Fish's use of mixed tenses throughout our interview reveals that the consequences of past experiences of racism are ongoing. The past as part of the present also explains how American masculinities, internalized by African-American men as ruptured and divided before and during the war, remain so in the present.

After maneuvers in Louisiana, the group went to Hampton, Virginia. White soldiers could "hang out or rest or do what they want" as they waited for deployment. Black soldiers were ordered to "clean the camp." Eventually, the order came down that the 92nd was going to Italy. But the officers in charge of this mission stated no purpose for the Division to be sent overseas. In fact, White officers "presumed they would fail." The soldiers heard that being sent on a "doomed mission" was part of a plan to ensure blacks would not be recruited for combat duty (Hargrove, 1985).
 We left from Hampton Roads on a converted luxury liner named the SS
 Mariposa. We were sent to Italy. There was no convoy and it was
 only when we neared the Rock of Gibraltar that we were escorted by
 a B25 bomber plane. When we landed in Italy, we were later joined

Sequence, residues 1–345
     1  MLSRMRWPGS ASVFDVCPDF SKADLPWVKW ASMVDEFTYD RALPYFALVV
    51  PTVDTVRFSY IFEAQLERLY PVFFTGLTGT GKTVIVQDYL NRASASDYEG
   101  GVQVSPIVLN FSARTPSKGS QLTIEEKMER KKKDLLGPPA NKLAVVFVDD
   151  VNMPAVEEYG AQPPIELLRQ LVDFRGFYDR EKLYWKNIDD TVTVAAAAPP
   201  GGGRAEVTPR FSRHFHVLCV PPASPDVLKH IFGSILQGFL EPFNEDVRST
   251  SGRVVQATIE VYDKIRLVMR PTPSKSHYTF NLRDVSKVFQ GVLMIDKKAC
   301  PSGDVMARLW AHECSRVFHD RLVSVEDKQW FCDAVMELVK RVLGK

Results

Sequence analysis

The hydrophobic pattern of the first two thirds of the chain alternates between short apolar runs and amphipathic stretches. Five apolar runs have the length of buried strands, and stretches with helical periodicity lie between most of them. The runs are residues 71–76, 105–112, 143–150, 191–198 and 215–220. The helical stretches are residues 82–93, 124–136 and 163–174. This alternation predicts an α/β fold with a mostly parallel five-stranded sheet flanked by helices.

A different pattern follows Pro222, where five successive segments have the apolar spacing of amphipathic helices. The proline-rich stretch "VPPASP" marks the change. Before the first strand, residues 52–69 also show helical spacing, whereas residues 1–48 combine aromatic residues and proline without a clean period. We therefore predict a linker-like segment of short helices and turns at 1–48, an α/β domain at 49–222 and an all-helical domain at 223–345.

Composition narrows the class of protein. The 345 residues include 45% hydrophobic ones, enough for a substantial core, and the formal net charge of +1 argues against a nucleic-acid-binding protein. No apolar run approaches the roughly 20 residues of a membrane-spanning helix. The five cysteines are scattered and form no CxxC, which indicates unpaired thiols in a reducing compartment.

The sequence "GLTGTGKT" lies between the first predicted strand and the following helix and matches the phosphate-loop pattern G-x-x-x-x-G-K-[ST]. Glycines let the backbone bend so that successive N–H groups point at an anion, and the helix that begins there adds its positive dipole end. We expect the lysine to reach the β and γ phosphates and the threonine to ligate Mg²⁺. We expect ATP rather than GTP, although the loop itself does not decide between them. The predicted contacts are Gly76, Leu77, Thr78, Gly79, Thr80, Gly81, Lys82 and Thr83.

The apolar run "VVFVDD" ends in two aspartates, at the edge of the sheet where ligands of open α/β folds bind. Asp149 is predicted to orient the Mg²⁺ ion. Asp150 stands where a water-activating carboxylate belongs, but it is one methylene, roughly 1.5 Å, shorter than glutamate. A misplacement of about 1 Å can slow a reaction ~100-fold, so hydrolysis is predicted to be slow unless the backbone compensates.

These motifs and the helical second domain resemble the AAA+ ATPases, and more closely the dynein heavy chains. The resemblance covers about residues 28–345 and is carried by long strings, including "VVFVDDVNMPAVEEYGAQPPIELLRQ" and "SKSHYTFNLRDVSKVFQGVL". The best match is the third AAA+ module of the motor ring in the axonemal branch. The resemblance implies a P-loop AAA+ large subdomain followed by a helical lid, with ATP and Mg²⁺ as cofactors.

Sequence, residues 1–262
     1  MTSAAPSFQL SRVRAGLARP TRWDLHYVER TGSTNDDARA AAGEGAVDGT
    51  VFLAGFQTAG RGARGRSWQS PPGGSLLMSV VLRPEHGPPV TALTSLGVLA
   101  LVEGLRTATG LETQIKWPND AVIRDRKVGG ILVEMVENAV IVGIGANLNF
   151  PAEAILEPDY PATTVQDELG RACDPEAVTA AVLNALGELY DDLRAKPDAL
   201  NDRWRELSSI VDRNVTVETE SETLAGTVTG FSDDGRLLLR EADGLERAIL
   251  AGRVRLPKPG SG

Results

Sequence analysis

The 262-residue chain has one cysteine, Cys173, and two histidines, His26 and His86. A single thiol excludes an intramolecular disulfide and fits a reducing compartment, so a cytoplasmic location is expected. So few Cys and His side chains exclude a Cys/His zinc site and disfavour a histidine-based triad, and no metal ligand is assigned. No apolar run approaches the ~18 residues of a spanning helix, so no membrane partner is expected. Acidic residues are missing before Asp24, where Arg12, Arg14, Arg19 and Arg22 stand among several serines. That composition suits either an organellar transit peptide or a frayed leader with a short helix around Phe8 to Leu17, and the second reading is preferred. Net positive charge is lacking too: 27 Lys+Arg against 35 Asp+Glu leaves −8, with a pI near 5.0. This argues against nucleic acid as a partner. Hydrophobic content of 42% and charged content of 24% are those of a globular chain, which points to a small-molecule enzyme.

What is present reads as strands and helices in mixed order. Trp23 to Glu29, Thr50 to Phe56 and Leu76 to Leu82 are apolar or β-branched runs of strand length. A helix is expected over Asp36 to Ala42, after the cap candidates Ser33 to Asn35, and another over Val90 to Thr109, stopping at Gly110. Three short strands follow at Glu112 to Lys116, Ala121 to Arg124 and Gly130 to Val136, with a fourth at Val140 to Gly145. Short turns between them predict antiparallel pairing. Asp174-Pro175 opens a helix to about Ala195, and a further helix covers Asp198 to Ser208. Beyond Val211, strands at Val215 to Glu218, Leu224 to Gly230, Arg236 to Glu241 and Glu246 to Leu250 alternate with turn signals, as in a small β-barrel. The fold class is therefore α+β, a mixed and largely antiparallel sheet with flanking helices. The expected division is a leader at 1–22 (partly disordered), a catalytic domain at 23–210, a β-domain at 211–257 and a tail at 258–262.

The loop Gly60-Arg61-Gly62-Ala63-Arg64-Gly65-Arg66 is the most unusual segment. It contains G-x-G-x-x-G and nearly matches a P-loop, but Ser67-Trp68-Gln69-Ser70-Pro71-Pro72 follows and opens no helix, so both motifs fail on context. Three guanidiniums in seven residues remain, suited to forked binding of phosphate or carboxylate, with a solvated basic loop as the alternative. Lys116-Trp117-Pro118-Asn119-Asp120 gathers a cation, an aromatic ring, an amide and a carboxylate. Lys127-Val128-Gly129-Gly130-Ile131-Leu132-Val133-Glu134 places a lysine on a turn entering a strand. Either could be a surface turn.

by the 442nd Infantry Regiment, which were all Japanese-American
 soldiers, and the 473rd Infantry Regiment, which were all white
 soldiers. The officers were mostly white; one or two were black.
 All together there were about 15,000 men.

Overseas, not only were Fish and his fellow soldiers subject to the segregation they endured during training, but also to "veiled" threats of death by their own commander, Major General Almond. In Italy, he spoke to his men before they went into battle.
 He said the Negro press demanded combat duty for Negro troops so
 now they were going to get it. They were given frontline duty as a
 punishment because of the Negro press! He sent men to the front for
 disciplinary reasons, too. He just seemed to have little regard for
 men's lives. He showed this when he ordered the artillery to fire
 on his own men! He insisted they were enemy troops. Even after
 being told by men who reconnoitered the area that he was wrong, he
 wouldn't change his mind. Because of that, one hundred odd men were

Army life posed daily humiliations. In Italy, Italian liaisons were responsible for coordinating the affairs of Italian civilians around the presence of American troops. The liaisons received instructions from White commanders on how to "treat" black soldiers.
 On days off, white soldiers could go to town. The black soldiers
 were confined to base. We did manual labor; we were like
 stevedores. Even when we liberated a beautiful resort town in
 Tuscany called Virregio. In a few months, when we had time off,
 white soldiers could go into the town, but the order came down that